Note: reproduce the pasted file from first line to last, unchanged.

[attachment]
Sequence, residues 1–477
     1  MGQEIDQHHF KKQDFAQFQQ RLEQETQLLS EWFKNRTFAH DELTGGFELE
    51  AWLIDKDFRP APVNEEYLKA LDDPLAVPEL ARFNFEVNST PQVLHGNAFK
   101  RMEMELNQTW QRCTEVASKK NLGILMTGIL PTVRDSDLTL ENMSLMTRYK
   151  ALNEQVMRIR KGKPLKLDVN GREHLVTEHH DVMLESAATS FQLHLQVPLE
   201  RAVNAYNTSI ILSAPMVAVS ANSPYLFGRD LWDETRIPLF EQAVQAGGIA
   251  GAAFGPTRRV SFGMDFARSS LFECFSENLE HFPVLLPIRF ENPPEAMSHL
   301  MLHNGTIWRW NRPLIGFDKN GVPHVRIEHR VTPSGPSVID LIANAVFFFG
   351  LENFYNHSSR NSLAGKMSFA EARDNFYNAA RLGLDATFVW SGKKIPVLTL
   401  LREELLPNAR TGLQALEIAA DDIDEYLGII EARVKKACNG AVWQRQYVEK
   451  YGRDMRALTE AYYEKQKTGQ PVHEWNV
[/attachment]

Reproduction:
Sequence, residues 1–477
     1  MGQEIDQHHF KKQDFAQFQQ RLEQETQLLS EWFKNRTFAH DELTGGFELE
    51  AWLIDKDFRP APVNEEYLKA LDDPLAVPEL ARFNFEVNST PQVLHGNAFK
   101  RMEMELNQTW QRCTEVASKK NLGILMTGIL PTVRDSDLTL ENMSLMTRYK
   151  ALNEQVMRIR KGKPLKLDVN GREHLVTEHH DVMLESAATS FQLHLQVPLE
   201  RAVNAYNTSI ILSAPMVAVS ANSPYLFGRD LWDETRIPLF EQAVQAGGIA
   251  GAAFGPTRRV SFGMDFARSS LFECFSENLE HFPVLLPIRF ENPPEAMSHL
   301  MLHNGTIWRW NRPLIGFDKN GVPHVRIEHR VTPSGPSVID LIANAVFFFG
   351  LENFYNHSSR NSLAGKMSFA EARDNFYNAA RLGLDATFVW SGKKIPVLTL
   401  LREELLPNAR TGLQALEIAA DDIDEYLGII EARVKKACNG AVWQRQYVEK
   451  YGRDMRALTE AYYEKQKTGQ PVHEWNV